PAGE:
• Physical Therapy: Engaging in targeted exercises and stretches with a physical therapist can help strengthen muscles, improve flexibility, and promote better posture, ultimately reducing pain and preventing further injury.
  • Medications: Over-the-counter pain relievers like acetaminophen or nonsteroidal anti-inflammatory drugs (NSAIDs) help with mild to moderate muscular and bone pain. Prescription medications may be necessary and can include muscle relaxants. People with high blood pressure or kidney disease cannot take NSAIDs.
  • Heat and Cold Therapy: Applying heat or cold to affected areas temporarily relieves muscular and bone pain. Heating pads, warm baths, or hot packs can relax muscles and increase blood flow, and ice packs/cold compresses can reduce inflammation and numb the area.
  • Massage Therapy: Professional massages or self-massage techniques can help relax tense muscles, improve circulation, and reduce muscular pain and stiffness. Swedish massage, deep tissue massage, or even trigger point therapy may be helpful.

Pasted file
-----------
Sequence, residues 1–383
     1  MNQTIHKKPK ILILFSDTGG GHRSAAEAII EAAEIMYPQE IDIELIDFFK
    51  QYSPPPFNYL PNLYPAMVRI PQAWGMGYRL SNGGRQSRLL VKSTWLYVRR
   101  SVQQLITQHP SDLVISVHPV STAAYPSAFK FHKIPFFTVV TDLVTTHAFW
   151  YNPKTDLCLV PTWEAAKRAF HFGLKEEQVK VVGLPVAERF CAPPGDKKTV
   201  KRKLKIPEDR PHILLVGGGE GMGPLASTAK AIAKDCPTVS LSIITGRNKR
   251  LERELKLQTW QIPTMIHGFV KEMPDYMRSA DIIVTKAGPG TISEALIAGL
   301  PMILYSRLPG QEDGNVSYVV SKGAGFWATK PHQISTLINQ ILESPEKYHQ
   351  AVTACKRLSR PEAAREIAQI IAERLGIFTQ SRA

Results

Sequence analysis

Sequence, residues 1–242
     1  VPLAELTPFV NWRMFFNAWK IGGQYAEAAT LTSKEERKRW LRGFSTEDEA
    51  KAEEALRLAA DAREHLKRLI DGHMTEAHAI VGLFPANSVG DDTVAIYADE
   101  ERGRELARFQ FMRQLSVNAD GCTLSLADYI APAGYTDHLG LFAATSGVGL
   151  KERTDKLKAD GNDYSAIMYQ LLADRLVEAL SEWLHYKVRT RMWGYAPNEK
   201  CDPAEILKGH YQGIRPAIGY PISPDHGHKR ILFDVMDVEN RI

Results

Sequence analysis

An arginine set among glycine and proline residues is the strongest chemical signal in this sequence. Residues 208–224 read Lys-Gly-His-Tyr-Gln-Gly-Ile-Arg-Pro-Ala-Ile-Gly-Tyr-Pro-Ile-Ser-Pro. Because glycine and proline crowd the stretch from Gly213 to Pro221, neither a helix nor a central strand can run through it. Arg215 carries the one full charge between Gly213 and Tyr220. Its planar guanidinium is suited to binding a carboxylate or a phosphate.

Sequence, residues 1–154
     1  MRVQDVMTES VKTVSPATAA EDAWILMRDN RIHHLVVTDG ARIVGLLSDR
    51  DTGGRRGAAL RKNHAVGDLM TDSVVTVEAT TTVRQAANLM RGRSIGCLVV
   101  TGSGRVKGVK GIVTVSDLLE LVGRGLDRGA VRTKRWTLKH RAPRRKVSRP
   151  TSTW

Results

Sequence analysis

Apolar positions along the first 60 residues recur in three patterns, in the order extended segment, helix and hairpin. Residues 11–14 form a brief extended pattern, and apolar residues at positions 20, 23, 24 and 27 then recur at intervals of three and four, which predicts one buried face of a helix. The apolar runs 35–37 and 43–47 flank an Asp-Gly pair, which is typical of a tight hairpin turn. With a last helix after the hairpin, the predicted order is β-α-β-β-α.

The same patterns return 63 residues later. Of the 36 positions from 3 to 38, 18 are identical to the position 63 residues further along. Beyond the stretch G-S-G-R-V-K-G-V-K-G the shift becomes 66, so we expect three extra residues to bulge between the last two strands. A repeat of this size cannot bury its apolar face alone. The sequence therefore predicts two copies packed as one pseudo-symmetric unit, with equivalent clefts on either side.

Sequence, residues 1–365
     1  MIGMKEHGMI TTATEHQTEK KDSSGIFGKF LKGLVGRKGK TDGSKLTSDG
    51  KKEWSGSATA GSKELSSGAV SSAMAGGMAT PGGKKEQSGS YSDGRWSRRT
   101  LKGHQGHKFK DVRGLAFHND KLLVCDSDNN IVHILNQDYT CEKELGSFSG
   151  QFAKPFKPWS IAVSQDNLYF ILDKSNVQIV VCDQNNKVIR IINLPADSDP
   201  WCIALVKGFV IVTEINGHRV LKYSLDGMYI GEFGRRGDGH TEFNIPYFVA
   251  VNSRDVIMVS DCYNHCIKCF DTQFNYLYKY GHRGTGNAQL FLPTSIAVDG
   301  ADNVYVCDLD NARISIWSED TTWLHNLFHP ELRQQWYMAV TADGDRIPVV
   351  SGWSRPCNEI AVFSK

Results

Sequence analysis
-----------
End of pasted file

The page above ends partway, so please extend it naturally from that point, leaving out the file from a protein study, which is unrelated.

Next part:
• Nutritional Supplements: Vitamins and minerals, such as calcium, vitamin D, magnesium, and glucosamine, play essential roles in maintaining bone health and may help alleviate bone pain associated with osteoporosis or osteoarthritis.
  • Injections: Corticosteroids or joint injections with hyaluronic acid can provide targeted relief for inflammatory conditions like tendonitis, bursitis, or osteoarthritis by reducing inflammation and improving joint function.
  • Bracing or Splinting: Braces, splints, or orthotic devices can support weakened or injured muscles and bones, helping to reduce pain and improve mobility.
  • Lifestyle Modifications: Changing your daily habits and environment can significantly impact managing muscular and bone pain. These may mean losing weight, practicing good posture, and avoiding repetitive motions or activities that exacerbate pain.
  • Mind-Body Techniques: Practices such as yoga, tai chi, or guided imagery promote relaxation, reduce stress, and improve pain tolerance, offering holistic approaches to managing muscular and bone pain.